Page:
Yesterday Adam Harris and I visited the Salwa (سلوى) area on a return expedition to see if we could find Grey Francolin, a non-native species of unknown provenance from south Asia that's become quite common in the Gulf countries but has been oddly absent here in the Eastern Province. I visited last year with my wife and explored a few promising spots (read the species profile HERE), all of which were within 20 kilometers of the nearest sightings over the border in Qatar, but had no luck. This time I pinpointed a few other spots outside of Salwa to search.
We left Al Ahsa at 4:15 AM to make the hour and a half drive south to Salwa and arrived just after sunrise. Initially we were considering driving as far as Al Batha (البطحاء), close to where francolin have been reported in the UAE, but that would've added another hour to the drive and we were eager to stretch a leg and do some birding. We decided then to try a large farm my wife and I searched last spring. Once again, though, despite listening intently while we birded the perimeter of the farm, no francolins were detected. However, it was here that we got the first signs that there was a good movement of migrating birds in the area. Along the outer perimeter of the tree line, we saw our first Turkestan (Red-tailed) Shrikes, Willow Warblers, and Great Whitethroat of the morning. As we were leaving the farm, a small group of Blue-cheeked Bee-eaters passed overhead. Down the road, next to the village of Al Jiban, we scanned a pivot field and added Tawny and Red-throated Pipit along with a quartet of wheatear species--Pied, Desert, Northern, and Isabelline.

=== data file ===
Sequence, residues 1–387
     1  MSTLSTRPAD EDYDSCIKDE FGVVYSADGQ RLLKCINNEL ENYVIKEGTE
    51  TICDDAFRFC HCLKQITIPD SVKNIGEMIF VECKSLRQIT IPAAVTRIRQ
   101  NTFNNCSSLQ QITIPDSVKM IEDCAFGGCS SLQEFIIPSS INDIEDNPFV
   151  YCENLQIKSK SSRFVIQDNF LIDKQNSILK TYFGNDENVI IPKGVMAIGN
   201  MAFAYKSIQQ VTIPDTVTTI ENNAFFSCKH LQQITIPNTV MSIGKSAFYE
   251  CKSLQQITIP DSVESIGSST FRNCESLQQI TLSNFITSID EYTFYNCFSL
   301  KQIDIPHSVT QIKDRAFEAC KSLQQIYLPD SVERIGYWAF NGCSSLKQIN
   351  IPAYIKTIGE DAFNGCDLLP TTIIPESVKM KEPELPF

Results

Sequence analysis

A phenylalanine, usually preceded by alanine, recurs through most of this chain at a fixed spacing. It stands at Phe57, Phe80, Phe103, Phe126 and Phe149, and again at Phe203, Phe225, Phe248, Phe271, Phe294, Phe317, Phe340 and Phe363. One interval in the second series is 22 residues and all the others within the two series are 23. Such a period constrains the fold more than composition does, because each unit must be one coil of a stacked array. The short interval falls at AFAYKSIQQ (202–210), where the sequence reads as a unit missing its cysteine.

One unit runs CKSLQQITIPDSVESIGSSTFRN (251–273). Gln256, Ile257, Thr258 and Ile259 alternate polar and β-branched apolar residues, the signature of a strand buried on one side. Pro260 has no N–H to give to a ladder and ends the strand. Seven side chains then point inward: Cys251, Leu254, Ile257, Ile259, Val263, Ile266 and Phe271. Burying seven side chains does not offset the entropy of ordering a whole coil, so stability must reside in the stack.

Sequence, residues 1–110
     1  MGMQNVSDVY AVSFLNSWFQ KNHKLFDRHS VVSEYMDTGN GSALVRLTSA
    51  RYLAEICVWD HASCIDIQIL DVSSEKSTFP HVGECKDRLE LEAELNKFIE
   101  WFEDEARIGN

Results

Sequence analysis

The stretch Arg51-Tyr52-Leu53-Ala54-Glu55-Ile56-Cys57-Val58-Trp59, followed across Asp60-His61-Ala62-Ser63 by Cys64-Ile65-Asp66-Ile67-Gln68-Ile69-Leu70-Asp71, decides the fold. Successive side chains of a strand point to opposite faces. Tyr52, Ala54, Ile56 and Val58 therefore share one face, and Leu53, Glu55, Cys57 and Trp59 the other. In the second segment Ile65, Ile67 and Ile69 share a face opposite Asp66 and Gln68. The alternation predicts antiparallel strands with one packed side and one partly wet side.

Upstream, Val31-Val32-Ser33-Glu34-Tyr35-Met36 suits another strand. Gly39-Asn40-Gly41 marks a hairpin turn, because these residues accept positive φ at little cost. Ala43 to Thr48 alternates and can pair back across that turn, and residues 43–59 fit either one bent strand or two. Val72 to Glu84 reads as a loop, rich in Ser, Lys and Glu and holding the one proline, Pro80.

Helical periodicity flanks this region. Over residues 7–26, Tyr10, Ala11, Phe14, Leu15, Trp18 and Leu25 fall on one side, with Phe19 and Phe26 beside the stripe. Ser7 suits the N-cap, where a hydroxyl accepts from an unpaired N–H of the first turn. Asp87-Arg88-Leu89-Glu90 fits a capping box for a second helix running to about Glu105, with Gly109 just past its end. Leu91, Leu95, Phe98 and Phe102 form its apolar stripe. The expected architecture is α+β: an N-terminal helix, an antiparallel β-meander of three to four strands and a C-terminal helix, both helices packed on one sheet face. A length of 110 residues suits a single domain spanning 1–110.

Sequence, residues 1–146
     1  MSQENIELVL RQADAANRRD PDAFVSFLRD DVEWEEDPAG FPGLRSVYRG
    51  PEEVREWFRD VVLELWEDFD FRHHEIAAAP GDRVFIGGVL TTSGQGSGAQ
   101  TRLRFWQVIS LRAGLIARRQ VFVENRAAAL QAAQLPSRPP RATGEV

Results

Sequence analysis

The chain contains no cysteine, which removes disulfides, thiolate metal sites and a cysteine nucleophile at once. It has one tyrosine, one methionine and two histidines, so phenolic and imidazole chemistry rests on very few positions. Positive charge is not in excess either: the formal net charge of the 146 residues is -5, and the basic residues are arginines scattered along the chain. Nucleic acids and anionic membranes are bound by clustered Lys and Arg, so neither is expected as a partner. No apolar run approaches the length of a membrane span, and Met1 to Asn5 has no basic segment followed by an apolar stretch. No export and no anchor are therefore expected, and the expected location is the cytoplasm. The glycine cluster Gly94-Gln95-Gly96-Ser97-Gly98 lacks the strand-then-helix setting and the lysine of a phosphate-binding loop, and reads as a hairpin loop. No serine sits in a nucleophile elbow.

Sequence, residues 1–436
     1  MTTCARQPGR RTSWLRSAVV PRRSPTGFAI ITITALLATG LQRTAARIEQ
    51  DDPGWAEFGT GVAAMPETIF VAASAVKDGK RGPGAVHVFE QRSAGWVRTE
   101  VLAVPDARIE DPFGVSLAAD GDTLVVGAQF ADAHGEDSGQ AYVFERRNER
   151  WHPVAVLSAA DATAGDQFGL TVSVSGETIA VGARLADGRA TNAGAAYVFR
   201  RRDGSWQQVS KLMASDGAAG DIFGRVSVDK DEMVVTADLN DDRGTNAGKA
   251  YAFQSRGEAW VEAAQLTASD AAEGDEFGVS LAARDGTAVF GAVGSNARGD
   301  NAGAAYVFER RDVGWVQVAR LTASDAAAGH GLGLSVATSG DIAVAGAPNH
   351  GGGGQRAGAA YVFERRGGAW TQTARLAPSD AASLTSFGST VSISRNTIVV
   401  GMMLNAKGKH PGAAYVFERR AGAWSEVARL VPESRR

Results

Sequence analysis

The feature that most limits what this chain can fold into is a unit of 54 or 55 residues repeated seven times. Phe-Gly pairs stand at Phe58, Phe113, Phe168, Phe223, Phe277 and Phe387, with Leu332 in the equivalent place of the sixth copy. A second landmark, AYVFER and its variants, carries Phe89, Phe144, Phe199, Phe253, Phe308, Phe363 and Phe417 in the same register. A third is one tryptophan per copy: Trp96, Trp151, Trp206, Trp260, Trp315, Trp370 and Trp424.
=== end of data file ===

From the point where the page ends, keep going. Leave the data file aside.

Next we headed to some farms nearby I thought looked promising in Google Maps. We stopped on the road with a farm to either side of us to take stock of the area and consider where best to start. There was quite a bit of moving sand in the area and the access road was nearly blocked in a couple of spots. One farm had sand piled up so high on its north side that we initially thought it was derelict. However, as it was nearest the road we decided we'd just foot it over the sand and explore that one first. Just then, though, I heard it--the unmistakeable call of a Grey Francolin--coming from the other farm. We jumped back into the car and drove down the dirt track leading there. Sticking to the perimeter of the farm to avoid having any issues with the farm workers, we were struck by the abundance of birds within view just inside. There were good numbers of a range of migrants, including more wheatears and shrikes. On the east side of the farm, we saw a handsome male White-throated Robin, a single Corn Bunting, and I had brief views of what I thought could be a Yellow-throated Sparrow. All the while we could hear Grey Francolin calling from a few different places inside.